With this breakpoint set, we can run rdmsr from the kernel debugger and see this breakpoint hit, with the MSR value we read:
You can also set up a little more complicated breakpoint to find the return value of rdmsr, and trace MSR writes in a similar way.
To keep the hypervisor minimal, many components in the virtualization stack are running in the root partition. This reduces the attack surface and complexity of the hypervisor. Things like memory management and process management are handled in the root partition’s kernel, without elevated permissions (e.g., SLAT management rights). Moreover, additional components that provide services to the guests, like networking or devices, are implemented in the root partition. A code execution vulnerability in any of these privileged components should allow an unprivileged guest to execute code on the root partition’s kernel or userspace (depending on component). For the virtualization stack, this is equivalent to a guest-to-host, as the root partition is trusted by the hypervisor, and manages all the other guests. In other words, a guest-to-host vulnerability can be exploited without compromising the hypervisor.
(Source and more terminology can be found here).
As @JosephBialek and @n_joly stated in their talk at Blackhat 2018, the most interesting attack surface when trying to break Hyper-V security, is actually not in the hypervisor itself, but in the components that are in the root partition kernel and userspace. As a matter of fact, @smealum presented in the same conference a full guest-to-host exploit, targeting vmswitch, which runs in the root partition’s kernel.
As we can see in the high-level architecture figure, the virtual switch, partitions IPC mechanisms, storage and virtual PCI are implemented in the root partition’s kernelspace. The way those components and architecture is designed, is in the format of “consumers” and “provider”. The “consumers” are drivers on the guest side, and they are consuming some services and facilities from the providers, which reside in the root’s kernel. It’s easy to see them, since the providers usually have an extension of VSP (Virtualization Service Provider), while the consumers have an extension of VSC (Virtualization Service Client). So, therefore, we have:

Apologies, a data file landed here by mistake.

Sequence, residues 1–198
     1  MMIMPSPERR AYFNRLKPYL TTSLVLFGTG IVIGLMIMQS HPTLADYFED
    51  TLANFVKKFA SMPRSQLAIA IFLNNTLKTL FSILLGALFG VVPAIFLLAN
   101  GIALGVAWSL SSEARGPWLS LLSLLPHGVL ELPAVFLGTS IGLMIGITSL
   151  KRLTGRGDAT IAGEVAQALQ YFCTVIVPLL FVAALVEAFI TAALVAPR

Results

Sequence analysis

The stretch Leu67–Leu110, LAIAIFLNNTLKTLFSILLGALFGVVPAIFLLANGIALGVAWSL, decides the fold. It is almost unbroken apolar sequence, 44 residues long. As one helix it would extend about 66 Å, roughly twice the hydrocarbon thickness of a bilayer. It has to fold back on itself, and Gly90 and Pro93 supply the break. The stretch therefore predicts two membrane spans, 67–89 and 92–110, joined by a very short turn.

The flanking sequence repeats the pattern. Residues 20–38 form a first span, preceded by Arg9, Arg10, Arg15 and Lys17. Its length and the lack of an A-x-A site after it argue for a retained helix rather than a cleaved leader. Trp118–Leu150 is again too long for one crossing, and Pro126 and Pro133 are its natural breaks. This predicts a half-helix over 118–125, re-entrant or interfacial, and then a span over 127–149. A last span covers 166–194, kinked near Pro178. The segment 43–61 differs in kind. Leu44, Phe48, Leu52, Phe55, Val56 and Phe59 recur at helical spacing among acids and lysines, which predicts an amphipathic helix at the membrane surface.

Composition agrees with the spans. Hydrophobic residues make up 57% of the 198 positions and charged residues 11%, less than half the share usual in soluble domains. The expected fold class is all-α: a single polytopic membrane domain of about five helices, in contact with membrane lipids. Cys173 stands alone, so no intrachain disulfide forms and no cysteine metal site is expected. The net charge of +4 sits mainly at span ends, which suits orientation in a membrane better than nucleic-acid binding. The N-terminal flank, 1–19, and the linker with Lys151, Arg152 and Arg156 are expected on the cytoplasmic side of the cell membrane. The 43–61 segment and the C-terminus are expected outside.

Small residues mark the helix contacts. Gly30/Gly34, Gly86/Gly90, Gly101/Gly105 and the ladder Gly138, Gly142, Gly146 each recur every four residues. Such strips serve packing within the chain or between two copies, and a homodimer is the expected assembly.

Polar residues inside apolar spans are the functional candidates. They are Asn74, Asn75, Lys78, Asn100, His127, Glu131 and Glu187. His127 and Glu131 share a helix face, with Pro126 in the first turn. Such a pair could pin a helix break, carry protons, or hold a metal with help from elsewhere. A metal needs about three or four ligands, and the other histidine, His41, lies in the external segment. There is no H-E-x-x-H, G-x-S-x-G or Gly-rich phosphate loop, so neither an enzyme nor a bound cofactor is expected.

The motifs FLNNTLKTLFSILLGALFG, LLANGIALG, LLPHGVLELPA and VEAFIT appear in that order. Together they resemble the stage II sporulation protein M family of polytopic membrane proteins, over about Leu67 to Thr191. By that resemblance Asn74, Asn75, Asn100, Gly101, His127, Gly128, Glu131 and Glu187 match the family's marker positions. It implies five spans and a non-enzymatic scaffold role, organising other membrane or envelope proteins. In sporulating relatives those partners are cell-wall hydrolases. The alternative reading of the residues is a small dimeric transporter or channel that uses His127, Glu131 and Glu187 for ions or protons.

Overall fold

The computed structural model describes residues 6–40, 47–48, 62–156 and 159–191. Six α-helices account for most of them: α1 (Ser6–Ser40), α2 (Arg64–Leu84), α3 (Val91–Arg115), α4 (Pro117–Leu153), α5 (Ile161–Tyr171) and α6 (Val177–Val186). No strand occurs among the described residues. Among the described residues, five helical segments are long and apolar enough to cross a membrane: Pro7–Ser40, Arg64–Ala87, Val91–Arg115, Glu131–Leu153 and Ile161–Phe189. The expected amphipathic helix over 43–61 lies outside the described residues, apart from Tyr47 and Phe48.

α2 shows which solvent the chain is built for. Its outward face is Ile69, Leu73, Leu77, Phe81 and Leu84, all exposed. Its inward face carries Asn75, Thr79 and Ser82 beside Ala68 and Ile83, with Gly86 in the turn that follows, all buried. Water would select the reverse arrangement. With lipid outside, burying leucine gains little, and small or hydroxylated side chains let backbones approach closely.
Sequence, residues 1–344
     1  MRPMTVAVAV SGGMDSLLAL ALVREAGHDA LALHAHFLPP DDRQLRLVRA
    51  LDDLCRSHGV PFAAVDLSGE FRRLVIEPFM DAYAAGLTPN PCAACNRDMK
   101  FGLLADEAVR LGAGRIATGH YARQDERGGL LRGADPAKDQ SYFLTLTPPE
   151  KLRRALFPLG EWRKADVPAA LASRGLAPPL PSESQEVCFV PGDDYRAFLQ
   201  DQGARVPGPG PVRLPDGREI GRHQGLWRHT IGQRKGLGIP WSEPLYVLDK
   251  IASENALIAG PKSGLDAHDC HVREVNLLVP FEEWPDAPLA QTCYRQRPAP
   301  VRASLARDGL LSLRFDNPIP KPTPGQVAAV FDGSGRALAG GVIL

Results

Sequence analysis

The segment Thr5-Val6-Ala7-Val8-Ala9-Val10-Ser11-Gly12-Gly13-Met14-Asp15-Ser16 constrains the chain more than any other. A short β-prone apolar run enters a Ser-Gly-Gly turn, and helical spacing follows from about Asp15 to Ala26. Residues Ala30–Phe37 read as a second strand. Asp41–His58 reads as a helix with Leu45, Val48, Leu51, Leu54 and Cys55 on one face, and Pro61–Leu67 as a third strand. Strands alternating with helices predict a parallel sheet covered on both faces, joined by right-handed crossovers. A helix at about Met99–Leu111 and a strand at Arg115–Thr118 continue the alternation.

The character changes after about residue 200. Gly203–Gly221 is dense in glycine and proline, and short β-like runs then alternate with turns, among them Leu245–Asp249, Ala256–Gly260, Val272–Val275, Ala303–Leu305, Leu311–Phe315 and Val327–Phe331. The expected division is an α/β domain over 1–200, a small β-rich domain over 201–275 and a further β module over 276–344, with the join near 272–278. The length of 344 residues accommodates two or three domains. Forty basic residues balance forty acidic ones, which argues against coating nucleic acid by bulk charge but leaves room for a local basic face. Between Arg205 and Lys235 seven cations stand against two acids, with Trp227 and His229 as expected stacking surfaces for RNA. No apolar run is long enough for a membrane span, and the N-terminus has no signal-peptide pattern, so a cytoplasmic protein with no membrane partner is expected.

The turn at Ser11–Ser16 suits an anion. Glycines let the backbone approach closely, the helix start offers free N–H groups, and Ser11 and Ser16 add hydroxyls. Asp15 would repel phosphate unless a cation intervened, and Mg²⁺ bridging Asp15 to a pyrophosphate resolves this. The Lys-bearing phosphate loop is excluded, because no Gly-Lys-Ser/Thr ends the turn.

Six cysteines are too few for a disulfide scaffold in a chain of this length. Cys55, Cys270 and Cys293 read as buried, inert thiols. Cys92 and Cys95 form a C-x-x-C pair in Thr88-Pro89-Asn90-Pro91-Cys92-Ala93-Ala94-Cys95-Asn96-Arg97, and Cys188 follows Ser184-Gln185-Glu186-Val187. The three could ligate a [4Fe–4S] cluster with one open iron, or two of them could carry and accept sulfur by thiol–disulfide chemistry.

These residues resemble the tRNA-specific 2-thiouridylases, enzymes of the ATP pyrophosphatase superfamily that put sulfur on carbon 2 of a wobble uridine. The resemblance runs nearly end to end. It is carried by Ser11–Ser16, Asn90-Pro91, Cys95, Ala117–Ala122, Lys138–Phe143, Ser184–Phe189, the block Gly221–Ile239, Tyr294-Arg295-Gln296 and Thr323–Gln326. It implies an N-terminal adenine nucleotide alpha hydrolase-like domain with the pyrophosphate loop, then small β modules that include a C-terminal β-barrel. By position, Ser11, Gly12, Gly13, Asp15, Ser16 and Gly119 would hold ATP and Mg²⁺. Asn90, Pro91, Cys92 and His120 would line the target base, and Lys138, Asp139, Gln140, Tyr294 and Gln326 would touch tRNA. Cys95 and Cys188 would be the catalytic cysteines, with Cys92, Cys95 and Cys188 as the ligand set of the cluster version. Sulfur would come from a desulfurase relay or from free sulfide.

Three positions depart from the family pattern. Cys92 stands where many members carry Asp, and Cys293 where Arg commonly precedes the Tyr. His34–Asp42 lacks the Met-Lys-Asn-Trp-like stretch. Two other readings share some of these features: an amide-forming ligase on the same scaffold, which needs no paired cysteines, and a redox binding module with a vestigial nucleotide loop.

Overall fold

|ROOT PARTITION KERNEL||GUEST PARTITION KERNEL|
|Synth 3D Video||synth3dVsp.sys||synth3dVsc.sys|
And since those are simply drivers running in kernel mode, it’s very easy to debug them, simply with a standard kernel debugger.
It’s worth noting that some of the components have two drivers: one runs inside the guest’s kernel, and the other runs on the host (root partition). This design replaced the old virtualization stack design, which was in Windows 7. In Windows 7, the logic both for the root partition and for the child partitions were combined. After that, it got split, to separate the functionality of the root from the children to two different drivers. The “r” suffix stands for “root”. For example:
The Linux guest-side OS component are integrated into the mainline kernel tree and are also available seperately. It is quite useful when building PoCs from a Linux guest (as done here, for instance).
Many interesting components reside in the VM worker process, and it executes in the root partition’s userspace – so debugging it is just like debugging any other userspace process (however you might need to execute your debugger elevated on your root partition). There’s a separate Virtual Machine Worker Process (vmwp.exe) process for each guest, which is launched when the guest is powered on.
Here are a few examples of components that reside in the VMWP, which runs in the root partition’s userspace:
- vSMB Server
- IC (Integration components)
- Virtual Devices (Emulators, non-emulated devices)
Also, keep in mind, that the instruction emulator and the devices are highly complex components, so it’s a pretty interesting attack surface.
In this post we covered what we feel is needed to start looking into Hyper-V. It isn’t much, but it is pretty much everything I knew and the environment I used to find my first Hyper-V bug, so it should be good enough to get you going. Having a hypervisor debugger made everything much clearer, as opposed to static analysis of the binary by itself. With this setup, I managed to trigger the bug directly from the kernel debugger, without the hurdles of building a driver.
But that’s only the tip of the iceberg. We are planning to release more information in upcoming blog posts. The next one will feature our friends from the virtualization security team, that will talk about VMBus internals, vPCI, and demo a few examples. If you can’t wait, here are some resources that are already available online and cover the internals of Hyper-V.
- Battle of SKM and IUM
- Ring 0 to Ring -1 Attacks
- Virtualization Based Security – Part 1: The boot process
- Virtualization Based Security – Part 2: kernel communications
- VBS Internals and Attack Surface
- HyperV and its Memory Manager
Here are some examples of previous issues in the virtualization stack:
- A Dive in to Hyper-V Architecture and Vulnerabilities
- Hardening Hyper-V through offensive security research
- Hyper-V vmswitch.sys VmsMpCommonPvtHandleMulticastOids Guest to Host Kernel-Pool Overflow
If you have any questions, feel free to comment on this post or DM me on Twitter @AmarSaar. I’d love to get feedback and ideas for other topics you would want us to cover in the next blog posts in this series.
Saar Amar, MSRC-IL